Sales is all about relationships – and great relationships are built on a whole lot more than technology. That’s why Thomas Wood-Young, president of Colorado Springs-based Wood-Young Consulting, says salespeople looking to develop and maintain great customer relationships should begin by developing themselves. Here are some of his recommendations.
Improve yourself. Take a long hard look in the mirror. How and where can you improve so that you become a greater asset to your target market? Maybe you need to work on your product knowledge or deepen your understanding of issues in your customers’ industries. Or maybe you’re reading everything you can find about your customers’ industries, but could do a better job sending your customers relevant articles. Maybe you could improve on something as simple as returning phone calls and emails more promptly. Whatever you do, remember self-improvement is the key to building effective relationships, says Wood-Young. You cannot change or control your customers, he adds, but you can change yourself and control how you interact with your customers.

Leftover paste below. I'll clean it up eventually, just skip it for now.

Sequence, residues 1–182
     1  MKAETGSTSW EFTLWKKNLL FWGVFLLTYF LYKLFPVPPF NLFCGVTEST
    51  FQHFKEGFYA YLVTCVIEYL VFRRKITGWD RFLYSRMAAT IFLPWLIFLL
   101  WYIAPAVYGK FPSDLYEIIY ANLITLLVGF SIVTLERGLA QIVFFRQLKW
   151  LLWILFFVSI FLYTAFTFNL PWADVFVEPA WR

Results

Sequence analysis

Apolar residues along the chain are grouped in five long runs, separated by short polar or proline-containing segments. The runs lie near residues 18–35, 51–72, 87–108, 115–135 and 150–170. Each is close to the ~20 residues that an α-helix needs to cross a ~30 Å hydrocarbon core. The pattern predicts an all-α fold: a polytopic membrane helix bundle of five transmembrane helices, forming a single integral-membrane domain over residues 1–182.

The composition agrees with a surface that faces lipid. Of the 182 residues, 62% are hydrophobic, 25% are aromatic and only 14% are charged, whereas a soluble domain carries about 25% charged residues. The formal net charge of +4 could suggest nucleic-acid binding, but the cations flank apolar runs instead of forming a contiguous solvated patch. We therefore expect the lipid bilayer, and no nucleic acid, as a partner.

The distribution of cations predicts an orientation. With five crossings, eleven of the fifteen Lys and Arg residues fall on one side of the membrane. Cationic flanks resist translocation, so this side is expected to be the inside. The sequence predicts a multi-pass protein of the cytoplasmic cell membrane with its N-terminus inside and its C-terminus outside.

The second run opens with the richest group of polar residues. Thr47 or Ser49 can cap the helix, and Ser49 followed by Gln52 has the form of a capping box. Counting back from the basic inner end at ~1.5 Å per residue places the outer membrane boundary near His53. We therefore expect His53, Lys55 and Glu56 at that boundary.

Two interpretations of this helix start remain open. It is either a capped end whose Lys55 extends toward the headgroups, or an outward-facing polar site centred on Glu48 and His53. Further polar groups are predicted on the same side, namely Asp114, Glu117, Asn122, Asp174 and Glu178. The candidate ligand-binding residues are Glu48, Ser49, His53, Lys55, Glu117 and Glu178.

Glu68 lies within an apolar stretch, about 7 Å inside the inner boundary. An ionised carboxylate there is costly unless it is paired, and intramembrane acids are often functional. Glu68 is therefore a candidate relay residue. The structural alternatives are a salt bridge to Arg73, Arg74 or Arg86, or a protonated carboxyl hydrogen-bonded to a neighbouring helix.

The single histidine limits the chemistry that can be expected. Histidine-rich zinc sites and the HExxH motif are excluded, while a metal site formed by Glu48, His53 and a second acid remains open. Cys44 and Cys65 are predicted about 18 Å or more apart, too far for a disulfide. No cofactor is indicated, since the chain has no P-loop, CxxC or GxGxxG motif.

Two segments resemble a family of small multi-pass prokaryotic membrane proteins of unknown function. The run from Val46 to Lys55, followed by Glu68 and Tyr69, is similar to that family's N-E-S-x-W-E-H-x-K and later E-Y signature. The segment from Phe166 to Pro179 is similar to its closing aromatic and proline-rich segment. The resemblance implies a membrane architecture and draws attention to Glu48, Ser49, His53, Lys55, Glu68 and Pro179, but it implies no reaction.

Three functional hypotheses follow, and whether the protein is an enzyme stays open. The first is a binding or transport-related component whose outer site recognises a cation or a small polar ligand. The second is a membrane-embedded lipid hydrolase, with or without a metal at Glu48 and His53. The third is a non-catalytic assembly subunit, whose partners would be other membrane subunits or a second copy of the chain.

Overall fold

Build partnerships. While you’re thinking about how to improve yourself, you also might want to think about how you view your customers. Is your goal to get in, get out and close the sale as quickly as possible? Or do you try to build a long-term partnership with your prospects? “People want to develop a relationship with someone who is dependable and meets their needs. In this way the relationship becomes more important than the product or service,” says Wood-Young. “The relationship actually becomes your competitive advantage and a real benefit to the customer.”
Add value. You’ll become a more valuable partner to your clients if you become an indispensable resource for them. Identify their organizations’ core problems, not the symptoms, and create solutions that address the underlying problems. Those are the solutions that add value. “Be the person customers want to see and meet with because you add direct value in the form of a productive and effective relationship,” says Wood-Young.
Wood-Young is the author of Intuitive Selling (Wood-Young Publishing, 2000). He can be reached via his Website at www.woodyoungconsulting.com.